Tom is a 57-year-old, self-described “dumb old country boy from Kentucky.” He watches TV from an old, stained lazy-boy chair every day, lives alone in a basement flat and drinks Texas margaritas – tequila and Mountain Dew, for the uninitiated. With his well-worn denim shorts, plaid shirts and unkempt beard, to look at Tom is to see a stereotypical Southern man, but he has a softer side, too – he is popular, funny and spends his weekends at vintage-car shows. He also seems lonely, and while he is still friends with his ex-wife, Abby, he is obviously still in love with her. Enter five gay men, known collectively as The Fab Five, tasked with turning Tom’s life around.
The Netflix reboot of mid-noughties makeover show Queer Eye, formerly known as Queer Eye For The Straight Guy, was not something audiences were necessarily asking for, but sometimes it’s the surprise gifts that turn out to be the best ones. If you missed out on the first incarnation and are yet to begin your journey into the second realm of Queer Eye, the premise is satisfyingly simple: five (very handsome) gay guys, each with a different skill to bring to the table, visit another man whose life could do with a remodel. In the beginning, the show relies heavily on stereotypes – gay men are good at grooming, they like to cook, they have excellent taste in interiors; straight men from the South in America are gruff, they have slight (or serious) prejudices – and then smashes each one with a sledgehammer of compassion and understanding. But it would be nothing without the Fab Five themselves.
First, there’s Bobby, probably the most hardworking yet underrated of the group. Bobby is in charge of design, but he doesn’t just throw a few cushions around and light a Jo Malone candle – Bobby’s house makeovers are full-on renovations, with new furniture, new kitchens and, in the case of Tom, a brand-new garden for entertaining lady friends. Fashion comes down to Tan, who is originally from Doncaster but now lives with his husband in Utah. While traditional fashion-makeover shows seem to have gone the way of the rara skirt, Tan’s honest take on how clothes can change a person’s life is honest and refreshing enough to make the changing-room segments of Queer Eye seem helpful, rather than shaming. Through the medium of bespoke suits and turned up T-shirt sleeves, Tan is showing his students their potential, rather than what is wrong with them.
Bobby, Karamo, Antoni, Jonathan and Tan just might be the Spice Girls of 2018 – embracing the fun of being alive while not shying away from serious topics
Karamo, who looks after the culture side of each project, is perhaps the most conventionally attractive human I have ever seen. And that’s not his only skill, as his role is more life coach and confidant rather than an art-gallery tour-guide, placing most of the show’s emotional weight – and there’s a lot of it – on his shoulders. Fan favourite Jonathan is the show hairdresser, extending to “grooming” when the subject has a beard. To say Jonathan embodies the spirit of camp is understating it, and those not well-versed in gay slang and/or culture have accused Jonathan of being “too much” but, by the end of the second episode, you’ll be screaming “yas queen, werk” at Neal’s new cow’s lick and beard line, too.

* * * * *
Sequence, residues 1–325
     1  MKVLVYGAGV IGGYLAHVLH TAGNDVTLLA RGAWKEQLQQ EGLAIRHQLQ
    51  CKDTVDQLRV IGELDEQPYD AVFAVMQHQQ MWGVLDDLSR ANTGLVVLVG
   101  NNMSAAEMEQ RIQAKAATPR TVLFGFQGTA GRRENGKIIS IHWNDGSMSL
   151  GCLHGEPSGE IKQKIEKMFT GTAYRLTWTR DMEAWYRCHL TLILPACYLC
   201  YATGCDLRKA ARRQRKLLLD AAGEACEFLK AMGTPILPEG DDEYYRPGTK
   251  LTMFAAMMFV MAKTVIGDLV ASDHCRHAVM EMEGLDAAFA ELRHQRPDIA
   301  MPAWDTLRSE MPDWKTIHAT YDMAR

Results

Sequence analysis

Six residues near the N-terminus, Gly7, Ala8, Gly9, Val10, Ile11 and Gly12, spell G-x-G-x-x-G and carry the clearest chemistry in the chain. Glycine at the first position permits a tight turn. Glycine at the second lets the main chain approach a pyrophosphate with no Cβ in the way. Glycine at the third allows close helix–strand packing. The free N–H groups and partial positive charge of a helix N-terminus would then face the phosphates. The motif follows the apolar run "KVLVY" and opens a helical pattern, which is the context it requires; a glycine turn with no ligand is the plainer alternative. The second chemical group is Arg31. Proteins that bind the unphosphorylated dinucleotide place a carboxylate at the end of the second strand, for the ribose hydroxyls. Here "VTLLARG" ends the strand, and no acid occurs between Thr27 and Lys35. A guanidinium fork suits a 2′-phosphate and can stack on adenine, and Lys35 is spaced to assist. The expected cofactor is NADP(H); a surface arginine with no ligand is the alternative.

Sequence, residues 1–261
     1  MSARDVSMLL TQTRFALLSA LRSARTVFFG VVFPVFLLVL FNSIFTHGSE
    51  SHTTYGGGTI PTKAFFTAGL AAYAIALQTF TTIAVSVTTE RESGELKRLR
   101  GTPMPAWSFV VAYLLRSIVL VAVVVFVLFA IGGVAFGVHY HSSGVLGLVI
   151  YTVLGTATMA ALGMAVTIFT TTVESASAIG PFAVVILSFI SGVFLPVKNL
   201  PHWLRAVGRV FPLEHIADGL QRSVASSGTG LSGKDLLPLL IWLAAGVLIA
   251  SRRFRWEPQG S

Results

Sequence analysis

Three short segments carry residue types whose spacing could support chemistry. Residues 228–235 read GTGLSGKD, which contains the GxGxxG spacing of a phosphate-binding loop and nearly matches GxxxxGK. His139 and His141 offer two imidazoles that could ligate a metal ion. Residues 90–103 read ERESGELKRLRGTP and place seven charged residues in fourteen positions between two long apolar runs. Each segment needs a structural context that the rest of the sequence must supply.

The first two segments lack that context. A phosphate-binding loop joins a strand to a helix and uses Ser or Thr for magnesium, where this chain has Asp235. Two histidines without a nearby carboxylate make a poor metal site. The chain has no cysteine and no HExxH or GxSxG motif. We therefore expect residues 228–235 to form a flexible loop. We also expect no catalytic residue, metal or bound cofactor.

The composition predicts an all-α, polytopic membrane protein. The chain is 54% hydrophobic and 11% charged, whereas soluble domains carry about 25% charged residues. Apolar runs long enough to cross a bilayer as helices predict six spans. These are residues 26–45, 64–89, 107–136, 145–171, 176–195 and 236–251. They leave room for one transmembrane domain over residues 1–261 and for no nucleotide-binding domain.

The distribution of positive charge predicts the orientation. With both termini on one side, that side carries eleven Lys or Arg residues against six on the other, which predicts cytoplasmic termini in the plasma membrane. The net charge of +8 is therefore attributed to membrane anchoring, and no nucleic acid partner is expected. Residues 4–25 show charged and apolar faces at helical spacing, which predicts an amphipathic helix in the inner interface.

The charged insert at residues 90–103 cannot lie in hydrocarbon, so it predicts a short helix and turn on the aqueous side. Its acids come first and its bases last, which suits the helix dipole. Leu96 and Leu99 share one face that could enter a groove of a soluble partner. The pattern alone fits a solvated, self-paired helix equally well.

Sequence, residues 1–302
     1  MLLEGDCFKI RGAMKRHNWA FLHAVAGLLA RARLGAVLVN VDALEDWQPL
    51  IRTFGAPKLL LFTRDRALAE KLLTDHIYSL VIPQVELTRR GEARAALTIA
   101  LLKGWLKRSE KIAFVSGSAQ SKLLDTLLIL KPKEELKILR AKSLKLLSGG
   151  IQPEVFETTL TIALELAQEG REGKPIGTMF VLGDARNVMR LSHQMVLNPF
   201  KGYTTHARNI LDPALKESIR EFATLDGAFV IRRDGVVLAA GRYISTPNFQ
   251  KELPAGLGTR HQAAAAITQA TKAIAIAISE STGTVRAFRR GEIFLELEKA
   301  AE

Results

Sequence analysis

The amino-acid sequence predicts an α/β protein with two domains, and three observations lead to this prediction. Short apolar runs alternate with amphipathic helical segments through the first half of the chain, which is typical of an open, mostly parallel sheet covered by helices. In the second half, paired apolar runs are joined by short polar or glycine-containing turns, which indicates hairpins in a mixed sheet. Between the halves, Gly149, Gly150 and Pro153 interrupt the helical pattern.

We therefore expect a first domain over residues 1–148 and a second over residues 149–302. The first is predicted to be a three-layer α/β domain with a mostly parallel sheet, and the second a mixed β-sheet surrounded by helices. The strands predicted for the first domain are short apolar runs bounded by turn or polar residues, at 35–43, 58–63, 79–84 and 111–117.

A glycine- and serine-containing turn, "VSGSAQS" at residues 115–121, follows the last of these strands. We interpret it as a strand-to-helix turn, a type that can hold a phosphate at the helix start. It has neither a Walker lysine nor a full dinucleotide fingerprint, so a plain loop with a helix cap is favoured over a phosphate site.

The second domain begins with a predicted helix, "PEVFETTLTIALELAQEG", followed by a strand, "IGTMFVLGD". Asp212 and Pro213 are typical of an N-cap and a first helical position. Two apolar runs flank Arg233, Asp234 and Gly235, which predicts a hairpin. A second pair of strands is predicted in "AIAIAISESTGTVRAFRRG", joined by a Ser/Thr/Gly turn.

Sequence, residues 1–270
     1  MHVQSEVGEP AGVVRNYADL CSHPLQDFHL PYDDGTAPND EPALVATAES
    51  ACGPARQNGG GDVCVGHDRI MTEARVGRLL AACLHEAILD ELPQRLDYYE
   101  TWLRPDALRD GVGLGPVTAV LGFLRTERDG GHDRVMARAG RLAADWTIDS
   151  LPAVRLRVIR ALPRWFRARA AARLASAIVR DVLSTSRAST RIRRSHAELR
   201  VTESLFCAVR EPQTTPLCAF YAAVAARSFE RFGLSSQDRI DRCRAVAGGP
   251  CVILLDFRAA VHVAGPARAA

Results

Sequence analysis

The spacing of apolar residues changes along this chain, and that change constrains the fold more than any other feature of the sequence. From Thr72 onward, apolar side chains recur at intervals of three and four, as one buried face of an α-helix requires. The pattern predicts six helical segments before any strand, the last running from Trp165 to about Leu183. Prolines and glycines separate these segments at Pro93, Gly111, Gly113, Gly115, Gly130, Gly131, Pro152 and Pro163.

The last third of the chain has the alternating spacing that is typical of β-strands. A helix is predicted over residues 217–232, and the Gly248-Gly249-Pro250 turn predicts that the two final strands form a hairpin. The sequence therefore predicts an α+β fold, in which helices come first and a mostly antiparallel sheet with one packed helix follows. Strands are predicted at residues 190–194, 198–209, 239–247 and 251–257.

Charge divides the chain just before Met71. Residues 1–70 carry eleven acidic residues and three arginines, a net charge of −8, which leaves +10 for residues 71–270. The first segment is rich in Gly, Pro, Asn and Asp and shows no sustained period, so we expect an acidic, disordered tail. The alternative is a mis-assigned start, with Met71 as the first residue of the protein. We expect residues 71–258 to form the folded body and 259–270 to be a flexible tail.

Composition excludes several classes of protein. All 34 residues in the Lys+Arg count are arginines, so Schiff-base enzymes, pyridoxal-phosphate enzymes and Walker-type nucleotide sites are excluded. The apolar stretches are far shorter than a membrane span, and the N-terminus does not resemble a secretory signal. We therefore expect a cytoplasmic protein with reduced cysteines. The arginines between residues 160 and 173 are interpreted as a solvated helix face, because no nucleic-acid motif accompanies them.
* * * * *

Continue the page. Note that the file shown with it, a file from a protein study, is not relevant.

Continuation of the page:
The fifth and final member of the Fab Five only looks after food and wine, but is so controversial he deserves his own paragraph. Antoni, who teaches the men how to prepare their own fresh, healthy meals, is quietly reserved compared to the other four. With his A Little Life T-shirts, undying love of The Strokes and his devilish Christian Bale-esque smile, Antoni offers an air of mystery and sensibility not found in any of the other Fab Five. OK, yes, I fancy him. But Antoni has faced an unprecedented and unfair backlash, mostly focusing on the question of whether he can actually cook or not, thanks to his reliance on “easy” recipes such as avocado and grapefruit salads. To the Anthoni truthers I ask, do you know how to julienne a grapefruit? Do you put sour cream in your homemade guacamole? Didn’t think so.
The reason Queer Eye is so popular comes down to the perfect balance between silliness and genuine warmth. One minute Tan’s trying on a bondage harness, and then, within the same 45-minute episode, he’s supporting “the straightest gay man in Atlanta” to come out to his stepmum. At the beginning of the third episode, the Fab Five are pulled over by a policeman who asks Karamo to step out of the driver’s seat. As a black man, he explains later, it was an all-too-familiar – and scary – situation. It transpires to be a (rather unfunny) practical joke, but opens the door for Karamo to have a frank and honest discussion about police brutality. The group are also confronted with helping a Trump supporter and, in a later episode, a Christian who was brought up to believe homosexuality was wrong. They are difficult subjects that would never be tackled in an episode of How To Look Good Naked or DIY SOS, but, in Queer Eye, the discussions easily sit beside scenes of mattress shopping without dampening the significance.
It would be a useless exercise to try to explain the full transformation the Fab Five help Tom through in the very first episode – it’s something that can only be understood by watching his baby blue eyes well up when he sees his new garden fairy lights for the first time. But it’s safe to say that Bobby, Karamo, Antoni, Jonathan and Tan just might be the Spice Girls of 2018 – embracing the fun of being alive while not shying away from serious topics. It makes for an extremely watchable, inspiring and loving show. Honestly, in the wise words of Jonathan, who gave Netflix the right?